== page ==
Mexican voters will go to the polls June 6, 2021 for what is being widely touted as the largest election in the country’s history. Citizens will cast ballots for nearly 21,000 public offices including all 500 seats in the federal Chamber of Deputies and 15 of 32 state governorships, among many local elected positions. Turnout is expected to be higher than usual for a non-presidential election, due to the polarized political atmosphere currently prevailing in the country, and the media are regularly running pieces arguing that the stakes are high for institutional democracy in Mexico. We agree that the institutions underpinning democracy in Mexico, such as it is, are under attack right now to an alarming degree, but we feel that this is most likely a short-term problem. The larger challenges to Mexico’s development as a nation-state, alas, are more long term. Here is a brief summary of how we see the situation:
President Andrés Manuel López Obrador (AMLO) won the presidential election in 2018 on his third try, and since taking power he has moved quickly to concentrate power in his own hands, ruling capriciously and nearly by decree with the help of a majority in Congress for his own personal political party, Morena, and its minor alliance parties. He has lavished benefits on the military, bringing the armed forces into a role of prominence not seen since the early 20th century when the country was run by former generals in the post-Revolutionary period. And he has relentlessly sought to restore the monopoly positions that the state-run energy companies Pemex (oil and gas) and the Federal Electricity Commission (electricity) enjoyed until a free-market energy sector reform in 2014. Facing minority opposition, President López Obrador would have run roughshod over existing regulatory environments, legal rulings and the Constitution were it not for the somewhat unexpected resiliency of quasi-autonomous institutions such as the judiciary, the National Electoral Institute (INE) and the Federal Competition Commission (Cofece). Incensed by their unwillingness to line up behind him, the president lambastes these organizations, the media and the business community as enemies of the people and the fatherland. So far, however, the AMLO administration has stopped just short of unilaterally breaking the institutional order by removing uncooperative judges, dissolving the INE or other such drastic measures favored by political “strongmen” down through Latin American history.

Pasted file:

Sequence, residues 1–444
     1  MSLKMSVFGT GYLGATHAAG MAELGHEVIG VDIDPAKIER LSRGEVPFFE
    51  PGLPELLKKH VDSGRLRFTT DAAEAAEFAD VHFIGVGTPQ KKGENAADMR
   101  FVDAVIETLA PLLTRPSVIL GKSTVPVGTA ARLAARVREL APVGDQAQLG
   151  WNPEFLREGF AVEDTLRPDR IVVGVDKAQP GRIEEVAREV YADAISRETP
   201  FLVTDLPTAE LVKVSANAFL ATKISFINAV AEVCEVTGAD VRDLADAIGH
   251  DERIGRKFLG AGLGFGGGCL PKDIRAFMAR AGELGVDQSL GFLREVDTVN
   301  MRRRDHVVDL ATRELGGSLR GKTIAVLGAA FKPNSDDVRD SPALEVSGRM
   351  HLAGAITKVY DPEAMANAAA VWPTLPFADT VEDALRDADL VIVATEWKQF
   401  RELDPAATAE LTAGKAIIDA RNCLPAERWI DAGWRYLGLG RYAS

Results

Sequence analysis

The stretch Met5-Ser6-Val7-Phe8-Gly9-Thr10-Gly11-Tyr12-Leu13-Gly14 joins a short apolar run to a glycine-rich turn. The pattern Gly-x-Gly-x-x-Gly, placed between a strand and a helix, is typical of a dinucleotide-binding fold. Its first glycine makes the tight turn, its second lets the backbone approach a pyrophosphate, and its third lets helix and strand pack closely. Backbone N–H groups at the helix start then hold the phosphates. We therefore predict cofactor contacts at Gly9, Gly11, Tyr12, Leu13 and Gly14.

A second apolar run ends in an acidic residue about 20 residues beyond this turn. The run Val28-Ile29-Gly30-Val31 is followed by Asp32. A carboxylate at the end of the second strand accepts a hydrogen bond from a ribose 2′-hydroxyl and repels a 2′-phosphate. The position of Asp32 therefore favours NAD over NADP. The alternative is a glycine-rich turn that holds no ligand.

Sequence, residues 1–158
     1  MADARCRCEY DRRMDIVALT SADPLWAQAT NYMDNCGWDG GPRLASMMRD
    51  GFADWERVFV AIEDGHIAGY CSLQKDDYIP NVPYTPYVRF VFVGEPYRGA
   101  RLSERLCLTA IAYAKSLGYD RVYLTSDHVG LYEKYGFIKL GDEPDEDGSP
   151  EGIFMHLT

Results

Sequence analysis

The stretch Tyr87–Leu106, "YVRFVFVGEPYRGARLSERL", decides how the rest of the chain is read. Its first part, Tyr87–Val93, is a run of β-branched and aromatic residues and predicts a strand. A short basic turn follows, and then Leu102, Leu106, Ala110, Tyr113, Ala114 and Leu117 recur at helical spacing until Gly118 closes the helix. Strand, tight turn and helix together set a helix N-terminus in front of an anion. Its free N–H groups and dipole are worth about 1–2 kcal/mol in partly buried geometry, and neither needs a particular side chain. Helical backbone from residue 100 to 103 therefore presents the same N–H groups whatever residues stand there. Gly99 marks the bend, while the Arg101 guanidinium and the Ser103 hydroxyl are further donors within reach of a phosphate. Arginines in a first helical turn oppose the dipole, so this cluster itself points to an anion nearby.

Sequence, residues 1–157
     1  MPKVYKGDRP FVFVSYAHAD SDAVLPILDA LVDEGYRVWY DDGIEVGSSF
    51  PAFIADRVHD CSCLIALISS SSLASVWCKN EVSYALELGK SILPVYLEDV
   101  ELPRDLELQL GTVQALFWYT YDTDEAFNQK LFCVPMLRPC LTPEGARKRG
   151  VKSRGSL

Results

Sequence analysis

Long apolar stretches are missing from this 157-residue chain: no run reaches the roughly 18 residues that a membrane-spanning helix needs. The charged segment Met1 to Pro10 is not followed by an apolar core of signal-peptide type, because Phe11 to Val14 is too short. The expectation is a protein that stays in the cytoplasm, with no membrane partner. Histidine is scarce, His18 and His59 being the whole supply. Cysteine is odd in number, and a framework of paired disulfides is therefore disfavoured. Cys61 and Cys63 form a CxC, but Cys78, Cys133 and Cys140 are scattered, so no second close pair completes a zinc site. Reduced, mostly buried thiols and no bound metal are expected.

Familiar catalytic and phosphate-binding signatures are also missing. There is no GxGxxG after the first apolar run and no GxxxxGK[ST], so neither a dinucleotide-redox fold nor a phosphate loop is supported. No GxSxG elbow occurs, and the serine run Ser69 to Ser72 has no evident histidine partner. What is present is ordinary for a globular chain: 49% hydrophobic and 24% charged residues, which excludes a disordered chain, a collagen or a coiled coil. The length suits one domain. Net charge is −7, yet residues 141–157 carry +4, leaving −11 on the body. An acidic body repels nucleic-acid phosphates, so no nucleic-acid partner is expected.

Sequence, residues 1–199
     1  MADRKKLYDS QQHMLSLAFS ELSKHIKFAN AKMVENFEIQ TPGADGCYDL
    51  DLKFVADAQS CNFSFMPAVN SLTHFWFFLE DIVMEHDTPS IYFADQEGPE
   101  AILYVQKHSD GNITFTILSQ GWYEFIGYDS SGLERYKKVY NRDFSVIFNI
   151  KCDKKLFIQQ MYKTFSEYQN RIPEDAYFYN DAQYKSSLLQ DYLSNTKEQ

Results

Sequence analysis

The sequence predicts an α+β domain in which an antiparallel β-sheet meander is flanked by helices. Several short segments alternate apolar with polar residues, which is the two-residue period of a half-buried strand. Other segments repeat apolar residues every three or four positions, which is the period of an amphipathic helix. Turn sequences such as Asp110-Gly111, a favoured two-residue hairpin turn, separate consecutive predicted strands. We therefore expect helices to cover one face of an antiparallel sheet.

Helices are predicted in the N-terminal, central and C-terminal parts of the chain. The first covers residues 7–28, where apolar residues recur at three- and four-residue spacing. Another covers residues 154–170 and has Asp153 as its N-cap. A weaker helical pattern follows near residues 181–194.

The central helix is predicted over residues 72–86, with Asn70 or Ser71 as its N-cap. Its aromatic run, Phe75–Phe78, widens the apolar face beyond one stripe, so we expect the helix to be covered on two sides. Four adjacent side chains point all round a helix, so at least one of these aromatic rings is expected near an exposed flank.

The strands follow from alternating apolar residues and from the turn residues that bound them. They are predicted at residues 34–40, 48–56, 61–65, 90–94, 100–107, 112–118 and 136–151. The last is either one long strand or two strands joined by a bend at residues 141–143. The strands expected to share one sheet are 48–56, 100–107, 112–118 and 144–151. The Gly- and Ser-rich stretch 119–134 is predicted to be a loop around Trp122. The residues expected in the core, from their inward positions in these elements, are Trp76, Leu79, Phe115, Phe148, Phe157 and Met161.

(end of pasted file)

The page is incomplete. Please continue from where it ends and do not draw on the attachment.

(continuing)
Against this backdrop, the high stakes of the upcoming election will be whether voters will strengthen Morena’s hand in Congress and statehouses, to assist the president in achieving the number of votes he would need to modify the Constitution. Critically, by achieving a two-thirds majority in the Senate and the Chamber of Deputies and controlling a simple majority of state legislatures, AMLO could modify the Constitution to return the energy industry to state monopolies. A larger majority would also help him reshape or eliminate the offending quasi-autonomous entities in accordance with his preference, if he chose to pursue such changes. The composition of the Senate will not change with the upcoming election, so a two-thirds majority in the upper house for the president via coalitions is by no means assured. So far, AMLO has tried every rule change, regulatory rewording and discretionary tactic he and his team have been able to think of to restore the privileged position of the state energy companies without launching a full-fledged attempt to reform the Constitution for this purpose. This is presumably because he is not sufficiently confident he could actually put together the required votes and statehouse approvals to bulldoze what is sure to be furious opposition from the PRI and PAN. In fact, despite the wailing and rending of garments on the part of the AMLO-haters and international press, a fair portion of the president’s dictatorial instincts have been frustrated by some combination of Congressional opposition and the existing institutions intended to assure impartiality and checks and balances. In his dreams he’s probably imagining the INE and Cofece officials hanging upside down in chains in the basement of the National Palace, but in reality he’s just not getting the traction he needs so far.